I enjoyed Alexandra Robbins’ latest book, The Geeks Shall Inherit the Earth: Popularity, Quirk Theory, and Why Outsiders Thrive After High School. Since I was and am a nerd (though I do not remember the word being in vogue in high school, a thousand years ago), I appreciated her perspective on high school. I find myself telling some of my students “it is only 4 years” often. I especially liked the profiles of Blue, Danielle, Joy and Noah. As a teacher, I appreciated the inside view of how the social scene plays out in the halls and cafeteria. I have observed most of these scenarios were happening daily at school, but my age and job preclude my direct involvement most of the time. I am often uncomfortable with my younger colleagues’ more enthusiastic immersion in the social lives of the students: I do not let anyone disrespect anyone else in my class or in my earshot, but I would not be able to teach if I spent my time trying to figure out what is occurring as they put themselves into workgroups or encounter each other in the halls. If you are doing your job as a teacher, some of what you do is refocus their attention away from the insane level of drama and self-absorption that hormones dictate. And that is the way it should stay: I trust my relationship with my students, and hope that it will provide them with the support that it is appropriate for me to provide.
But Robbins’ research and judgments seem sloppy at times: she quotes certain social scientists, like Daniel Goleman, Dan Merten or Solomon Asch, but only to support her points. I wish I were sure that she had done all her research homework. She coins the term “quirk theory” to describe her observation that what makes someone an outcast in high school often makes them successful later. It is not really a theory, and a little glib for me—and not supported by this year long “study.” I also question the addition of a teacher into the mix. How am I supposed to judge Robbins’ observations about a teacher, when the subject is students? I also found it disturbing that I could not tell Regan was a teacher until it is revealed halfway through the book. Admittedly, I work in a parochial high school, so the social milieu is somewhat different than some of the schools in the book, but I have never experienced the pervasive petty “high school” behavior of the teachers she chronicles. Regan is too naïve to be real, especially if she has spent 24 years as a gay individual in America. Asking Regan to put herself into the limelight as a gay teacher just proved to be another distraction from the task at hand: TEACHING. My personal life is not the subject I teach. The challenges designed by Robbins for each subject could have been dangerous: she seemed to think them up off the top of her head. Is that responsible? I’m not sure.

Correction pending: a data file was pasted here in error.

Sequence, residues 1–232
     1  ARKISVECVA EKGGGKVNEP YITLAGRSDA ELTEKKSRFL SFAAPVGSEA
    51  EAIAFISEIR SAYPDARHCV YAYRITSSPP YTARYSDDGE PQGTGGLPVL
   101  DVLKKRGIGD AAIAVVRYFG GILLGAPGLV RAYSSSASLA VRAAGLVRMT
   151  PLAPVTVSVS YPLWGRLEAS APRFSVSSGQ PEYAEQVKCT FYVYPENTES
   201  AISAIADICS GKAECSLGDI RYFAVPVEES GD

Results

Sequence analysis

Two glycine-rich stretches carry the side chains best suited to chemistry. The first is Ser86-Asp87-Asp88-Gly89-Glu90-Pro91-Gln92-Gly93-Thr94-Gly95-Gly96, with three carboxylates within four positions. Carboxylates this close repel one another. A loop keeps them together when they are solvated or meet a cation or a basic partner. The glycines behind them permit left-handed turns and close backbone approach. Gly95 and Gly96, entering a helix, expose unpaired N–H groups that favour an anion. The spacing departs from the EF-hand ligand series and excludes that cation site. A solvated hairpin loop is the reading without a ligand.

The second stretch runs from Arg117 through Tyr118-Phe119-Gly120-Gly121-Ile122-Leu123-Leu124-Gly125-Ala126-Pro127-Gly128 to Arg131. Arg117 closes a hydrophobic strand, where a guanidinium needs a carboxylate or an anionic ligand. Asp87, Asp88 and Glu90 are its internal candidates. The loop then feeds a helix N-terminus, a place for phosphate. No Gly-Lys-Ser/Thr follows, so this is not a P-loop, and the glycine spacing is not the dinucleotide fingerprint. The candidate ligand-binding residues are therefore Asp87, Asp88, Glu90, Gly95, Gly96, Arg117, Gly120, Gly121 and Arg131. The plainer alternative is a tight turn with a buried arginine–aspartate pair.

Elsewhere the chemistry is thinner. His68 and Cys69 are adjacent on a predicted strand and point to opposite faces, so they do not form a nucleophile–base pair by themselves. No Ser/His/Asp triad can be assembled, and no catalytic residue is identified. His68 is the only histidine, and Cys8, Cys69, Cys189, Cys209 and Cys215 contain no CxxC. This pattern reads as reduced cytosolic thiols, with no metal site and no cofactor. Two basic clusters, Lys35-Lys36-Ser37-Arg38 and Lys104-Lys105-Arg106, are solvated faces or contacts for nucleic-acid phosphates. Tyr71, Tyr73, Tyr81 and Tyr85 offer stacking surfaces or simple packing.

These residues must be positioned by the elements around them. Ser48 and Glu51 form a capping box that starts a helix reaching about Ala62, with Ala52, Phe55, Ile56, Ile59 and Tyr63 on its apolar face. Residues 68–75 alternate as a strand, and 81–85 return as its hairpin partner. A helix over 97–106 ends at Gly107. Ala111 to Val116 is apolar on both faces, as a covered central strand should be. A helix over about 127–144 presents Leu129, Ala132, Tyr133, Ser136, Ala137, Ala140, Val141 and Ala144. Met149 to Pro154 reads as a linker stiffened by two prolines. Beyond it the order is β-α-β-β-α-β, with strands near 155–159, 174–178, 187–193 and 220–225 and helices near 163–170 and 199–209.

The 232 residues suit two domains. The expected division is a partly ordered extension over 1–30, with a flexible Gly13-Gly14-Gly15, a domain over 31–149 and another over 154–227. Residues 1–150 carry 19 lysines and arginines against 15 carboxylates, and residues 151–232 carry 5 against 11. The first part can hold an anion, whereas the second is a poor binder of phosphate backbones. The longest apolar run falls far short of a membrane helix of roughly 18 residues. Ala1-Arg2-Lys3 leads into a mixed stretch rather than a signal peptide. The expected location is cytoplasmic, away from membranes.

I found myself wondering if the author sees herself as a kind of Malcolm Gladwell for the social community of high school. Gladwell’s books are quirky and pointed in their analyses, but you know what you are in for when you open any of his books. I am not sure whether this is supposed to be journalism, creative nonfiction or social experiment. I found myself skimming the sections in between the anecdotes from each student, and then savoring the progress or setbacks of each teen through out the year. So I enjoyed reading this book, but wished it contained more substance.
2.5 out of 5 stars